I was losing weight way too quickly, sometimes 4-5 pounds per week. I began to feel faint almost constantly. The 10-minute walk to the subway felt like 10 miles. Unable to maintain my body heat, I was constantly cold. I mentioned these things to Dr. Sal, and he seemed unconcerned. 

“But how are your bowel movements?” he asked instead and prescribed me more “reasonably priced” vitamins. 

I canceled my last appointment with him and decided to channel the power of healing on my own. By this point, I knew what to eat and what not to eat. I had $1,000 worth of vitamins. How hard could it be?

Turns out, pretty hard.

The biggest issue with long-term candidiasis is that there is no one specific cause. It has been linked to stress, diabetes, HIV, mononucleosis, gluten intolerance and long-term use of birth control. But no doctor had been able to pinpoint exactly what was causing my issue. The diet seemed to help a little, but the yeast was still there. I sank into a depression after six months of “healthy living.” With every meal, I began to feel like I was just force-feeding myself so that I could get through the day. 

“Why do you stick with it?” my boyfriend asked one day. 

“Because I don’t want to be sick,” I replied.

“But is the diet even helping?” 

“A little? Dr. Sal said it would take a few years. You know, baby steps.” 

He rolled his eyes at the mention of Dr. Sal. 

At the end of June, after almost seven months, I went back to a regular diet. I’d lost 40 pounds. My cheeks were sunken, and I had dark circles under my eyes. I needed nutrients. I needed to feel normal again.

I was on vacation in Tennessee when it happened. 

“I want Mexican food,” I said suddenly.

“OK,” my boyfriend said.

“I don’t care anymore! I’m starving!”

“No judgment,” he replied. 

I ate a plate of enchiladas and an entire basket of chips before I came up for air.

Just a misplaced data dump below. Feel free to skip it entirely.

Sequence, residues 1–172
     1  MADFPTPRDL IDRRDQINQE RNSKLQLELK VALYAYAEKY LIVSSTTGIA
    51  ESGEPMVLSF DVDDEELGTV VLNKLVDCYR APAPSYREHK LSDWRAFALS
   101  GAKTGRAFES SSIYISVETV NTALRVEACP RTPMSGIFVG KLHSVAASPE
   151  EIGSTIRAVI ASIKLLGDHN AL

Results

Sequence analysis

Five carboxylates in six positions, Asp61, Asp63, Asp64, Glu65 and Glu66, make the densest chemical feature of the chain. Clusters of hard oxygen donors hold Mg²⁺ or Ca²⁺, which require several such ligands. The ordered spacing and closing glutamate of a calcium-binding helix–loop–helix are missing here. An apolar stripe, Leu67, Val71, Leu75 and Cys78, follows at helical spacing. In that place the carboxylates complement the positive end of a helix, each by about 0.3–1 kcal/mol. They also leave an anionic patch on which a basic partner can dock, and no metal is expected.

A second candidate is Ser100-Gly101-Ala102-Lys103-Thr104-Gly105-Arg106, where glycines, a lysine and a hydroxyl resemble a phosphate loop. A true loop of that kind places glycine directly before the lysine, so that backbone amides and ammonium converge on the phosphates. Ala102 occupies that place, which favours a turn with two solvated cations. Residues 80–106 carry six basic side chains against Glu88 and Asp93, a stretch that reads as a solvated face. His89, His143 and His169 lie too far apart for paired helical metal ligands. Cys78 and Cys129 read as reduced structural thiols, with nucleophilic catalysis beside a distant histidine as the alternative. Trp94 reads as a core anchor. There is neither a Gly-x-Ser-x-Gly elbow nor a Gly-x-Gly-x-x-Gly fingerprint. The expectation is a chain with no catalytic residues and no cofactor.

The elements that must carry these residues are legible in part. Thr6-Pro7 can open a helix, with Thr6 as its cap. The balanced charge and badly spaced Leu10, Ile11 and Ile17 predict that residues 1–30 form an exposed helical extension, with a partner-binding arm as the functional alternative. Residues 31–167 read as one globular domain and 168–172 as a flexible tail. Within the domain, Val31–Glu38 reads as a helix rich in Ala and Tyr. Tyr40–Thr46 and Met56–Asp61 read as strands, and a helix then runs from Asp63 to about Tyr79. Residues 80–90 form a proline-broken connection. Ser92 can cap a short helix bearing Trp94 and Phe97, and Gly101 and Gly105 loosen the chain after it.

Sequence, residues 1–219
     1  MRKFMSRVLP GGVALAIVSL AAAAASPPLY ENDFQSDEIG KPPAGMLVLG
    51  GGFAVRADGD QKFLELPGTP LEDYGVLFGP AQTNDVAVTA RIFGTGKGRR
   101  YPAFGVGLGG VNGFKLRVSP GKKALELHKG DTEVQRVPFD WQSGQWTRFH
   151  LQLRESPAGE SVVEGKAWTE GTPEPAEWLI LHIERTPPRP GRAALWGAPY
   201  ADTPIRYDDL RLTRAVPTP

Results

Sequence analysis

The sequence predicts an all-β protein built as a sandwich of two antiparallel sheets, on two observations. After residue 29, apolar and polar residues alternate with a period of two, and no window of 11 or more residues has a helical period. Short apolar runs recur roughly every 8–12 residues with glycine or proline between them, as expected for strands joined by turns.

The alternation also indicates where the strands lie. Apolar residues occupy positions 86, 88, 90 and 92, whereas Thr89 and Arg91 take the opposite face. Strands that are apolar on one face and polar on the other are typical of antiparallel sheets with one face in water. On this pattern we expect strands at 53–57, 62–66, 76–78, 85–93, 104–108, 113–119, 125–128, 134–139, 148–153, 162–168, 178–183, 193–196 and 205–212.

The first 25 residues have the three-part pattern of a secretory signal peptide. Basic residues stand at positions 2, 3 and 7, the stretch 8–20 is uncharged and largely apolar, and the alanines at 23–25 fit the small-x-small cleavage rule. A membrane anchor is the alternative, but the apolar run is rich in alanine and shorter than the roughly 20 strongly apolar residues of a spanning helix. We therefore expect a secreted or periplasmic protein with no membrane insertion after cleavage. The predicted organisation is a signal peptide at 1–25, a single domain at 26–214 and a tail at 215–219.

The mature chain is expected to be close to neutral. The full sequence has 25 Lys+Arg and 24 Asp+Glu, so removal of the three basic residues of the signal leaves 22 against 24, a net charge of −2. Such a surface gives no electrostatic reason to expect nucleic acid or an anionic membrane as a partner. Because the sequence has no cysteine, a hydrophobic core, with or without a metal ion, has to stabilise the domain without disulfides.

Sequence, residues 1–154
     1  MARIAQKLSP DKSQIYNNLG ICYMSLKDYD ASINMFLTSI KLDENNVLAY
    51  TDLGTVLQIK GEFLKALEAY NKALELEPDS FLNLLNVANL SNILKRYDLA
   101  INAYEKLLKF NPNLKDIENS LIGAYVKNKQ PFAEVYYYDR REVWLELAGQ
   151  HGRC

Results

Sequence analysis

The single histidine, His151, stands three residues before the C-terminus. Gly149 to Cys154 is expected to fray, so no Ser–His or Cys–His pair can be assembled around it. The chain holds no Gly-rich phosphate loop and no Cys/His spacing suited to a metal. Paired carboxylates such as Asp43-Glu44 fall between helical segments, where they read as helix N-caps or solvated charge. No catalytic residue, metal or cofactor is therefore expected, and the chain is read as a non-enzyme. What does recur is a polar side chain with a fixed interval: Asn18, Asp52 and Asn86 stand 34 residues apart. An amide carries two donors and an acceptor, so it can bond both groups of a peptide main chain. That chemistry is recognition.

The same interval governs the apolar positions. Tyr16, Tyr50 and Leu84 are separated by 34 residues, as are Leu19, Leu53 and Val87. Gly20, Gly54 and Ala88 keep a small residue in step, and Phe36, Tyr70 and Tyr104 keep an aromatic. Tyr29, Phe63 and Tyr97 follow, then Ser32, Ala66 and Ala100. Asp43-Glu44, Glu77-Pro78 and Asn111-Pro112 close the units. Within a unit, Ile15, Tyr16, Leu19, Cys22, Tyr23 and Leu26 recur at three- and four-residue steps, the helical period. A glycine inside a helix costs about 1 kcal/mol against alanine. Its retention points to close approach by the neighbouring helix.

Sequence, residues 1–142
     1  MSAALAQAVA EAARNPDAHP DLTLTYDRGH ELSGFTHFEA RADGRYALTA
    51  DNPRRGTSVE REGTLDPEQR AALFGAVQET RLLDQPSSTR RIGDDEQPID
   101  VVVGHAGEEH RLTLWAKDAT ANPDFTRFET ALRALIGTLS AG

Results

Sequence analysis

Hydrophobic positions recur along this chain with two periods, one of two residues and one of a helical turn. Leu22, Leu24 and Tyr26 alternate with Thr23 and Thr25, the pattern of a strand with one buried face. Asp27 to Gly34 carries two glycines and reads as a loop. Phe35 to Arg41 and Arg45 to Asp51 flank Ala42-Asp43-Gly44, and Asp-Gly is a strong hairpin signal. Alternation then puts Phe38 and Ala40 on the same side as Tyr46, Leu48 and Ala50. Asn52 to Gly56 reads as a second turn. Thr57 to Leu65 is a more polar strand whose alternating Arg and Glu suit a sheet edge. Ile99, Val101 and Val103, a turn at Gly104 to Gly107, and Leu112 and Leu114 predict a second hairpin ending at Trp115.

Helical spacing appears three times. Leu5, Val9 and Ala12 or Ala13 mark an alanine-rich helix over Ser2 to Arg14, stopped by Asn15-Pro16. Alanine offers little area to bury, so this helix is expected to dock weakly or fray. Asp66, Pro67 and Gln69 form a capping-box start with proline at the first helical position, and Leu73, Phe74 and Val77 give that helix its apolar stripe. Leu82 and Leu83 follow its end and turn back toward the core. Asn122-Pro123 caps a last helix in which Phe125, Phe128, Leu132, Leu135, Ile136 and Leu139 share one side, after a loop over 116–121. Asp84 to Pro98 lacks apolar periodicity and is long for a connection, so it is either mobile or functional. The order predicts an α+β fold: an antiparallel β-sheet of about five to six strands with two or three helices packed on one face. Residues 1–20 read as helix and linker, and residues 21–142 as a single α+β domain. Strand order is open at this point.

“How do you feel?” my boyfriend asked.

“AWESOME,” I replied. And I did. For the first time in months, I felt like I was allowed to make my own decisions. Maybe I could learn to just live with the yeast, I thought. Was it possible? I decided to find out.

Three months later, a red patch of dry skin showed up under one of my arms. I didn’t think anything of it until three more arrived. When I went to the doctor, she confirmed that it was, indeed, fungal. 

“This is tied back to my yeast problem, isn’t it?” I asked.

“Almost definitely,” my doctor said. 

“I need to go back on the diet again, don’t I?” 

“If you ever want to get better,” she replied.

I trudged home feeling hopeless. But things were different this time. This time I was prepared. I wanted to do it.

I sprang out of bed the next morning and downed my green juice and my eggs with avocado. I threw out the leftover wine I had in my fridge without even looking at it longingly. I took my vitamins. 

The first time I’d done the diet, I was only focused on getting rid of the yeast and taking my life back, like I was its victim. 

But that’s not the case anymore. I’m not ashamed of what I have. I have systemic candidiasis. I didn’t ask for it to happen. It wasn’t because I was “wearing the wrong underwear” or “didn’t eat enough yogurt.” (Trust me when I say that every woman who has ever had a mild yeast infection has given me advice on how to get rid of mine, and I just laugh and laugh.)

I have a disease. I don’t know the cause, and I don’t know the cure. I don’t know if it will ever go away. 

The symptoms come and go. I eat my steamed kale and try to consume more fats to prevent my weight from dropping. I wear three pairs of socks to keep my feet warm. I take B-12 vitamins for energy. But most importantly, I’ve accepted that this is my life now, for better or worse: steamed kale and the hope that one day I’ll be yeast-free.